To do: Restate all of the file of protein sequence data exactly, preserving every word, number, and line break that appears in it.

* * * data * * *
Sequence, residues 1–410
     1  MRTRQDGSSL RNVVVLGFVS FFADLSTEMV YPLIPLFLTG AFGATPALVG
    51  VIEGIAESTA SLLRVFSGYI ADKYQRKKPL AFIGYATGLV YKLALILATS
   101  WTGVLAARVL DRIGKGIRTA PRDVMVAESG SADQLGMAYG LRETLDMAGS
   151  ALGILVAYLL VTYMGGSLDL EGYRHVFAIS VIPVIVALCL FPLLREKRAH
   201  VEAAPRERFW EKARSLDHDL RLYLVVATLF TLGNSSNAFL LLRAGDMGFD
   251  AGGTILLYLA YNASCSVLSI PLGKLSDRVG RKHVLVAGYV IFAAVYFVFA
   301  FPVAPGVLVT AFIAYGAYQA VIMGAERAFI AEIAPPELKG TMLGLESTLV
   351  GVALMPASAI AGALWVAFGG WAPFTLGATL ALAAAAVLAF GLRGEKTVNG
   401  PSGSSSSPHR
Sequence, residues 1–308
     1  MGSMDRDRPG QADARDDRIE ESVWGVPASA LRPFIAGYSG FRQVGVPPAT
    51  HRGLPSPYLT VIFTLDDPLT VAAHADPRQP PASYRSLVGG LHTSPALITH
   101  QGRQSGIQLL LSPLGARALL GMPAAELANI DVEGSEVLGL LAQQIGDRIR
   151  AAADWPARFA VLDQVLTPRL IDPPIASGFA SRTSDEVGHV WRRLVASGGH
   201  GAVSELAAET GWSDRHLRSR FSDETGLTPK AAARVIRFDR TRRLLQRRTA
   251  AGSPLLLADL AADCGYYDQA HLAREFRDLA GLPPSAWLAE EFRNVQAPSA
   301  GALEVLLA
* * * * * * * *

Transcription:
Sequence, residues 1–410
     1  MRTRQDGSSL RNVVVLGFVS FFADLSTEMV YPLIPLFLTG AFGATPALVG
    51  VIEGIAESTA SLLRVFSGYI ADKYQRKKPL AFIGYATGLV YKLALILATS
   101  WTGVLAARVL DRIGKGIRTA PRDVMVAESG SADQLGMAYG LRETLDMAGS
   151  ALGILVAYLL VTYMGGSLDL EGYRHVFAIS VIPVIVALCL FPLLREKRAH
   201  VEAAPRERFW EKARSLDHDL RLYLVVATLF TLGNSSNAFL LLRAGDMGFD
   251  AGGTILLYLA YNASCSVLSI PLGKLSDRVG RKHVLVAGYV IFAAVYFVFA
   301  FPVAPGVLVT AFIAYGAYQA VIMGAERAFI AEIAPPELKG TMLGLESTLV
   351  GVALMPASAI AGALWVAFGG WAPFTLGATL ALAAAAVLAF GLRGEKTVNG
   401  PSGSSSSPHR
Sequence, residues 1–308
     1  MGSMDRDRPG QADARDDRIE ESVWGVPASA LRPFIAGYSG FRQVGVPPAT
    51  HRGLPSPYLT VIFTLDDPLT VAAHADPRQP PASYRSLVGG LHTSPALITH
   101  QGRQSGIQLL LSPLGARALL GMPAAELANI DVEGSEVLGL LAQQIGDRIR
   151  AAADWPARFA VLDQVLTPRL IDPPIASGFA SRTSDEVGHV WRRLVASGGH
   201  GAVSELAAET GWSDRHLRSR FSDETGLTPK AAARVIRFDR TRRLLQRRTA
   251  AGSPLLLADL AADCGYYDQA HLAREFRDLA GLPPSAWLAE EFRNVQAPSA
   301  GALEVLLA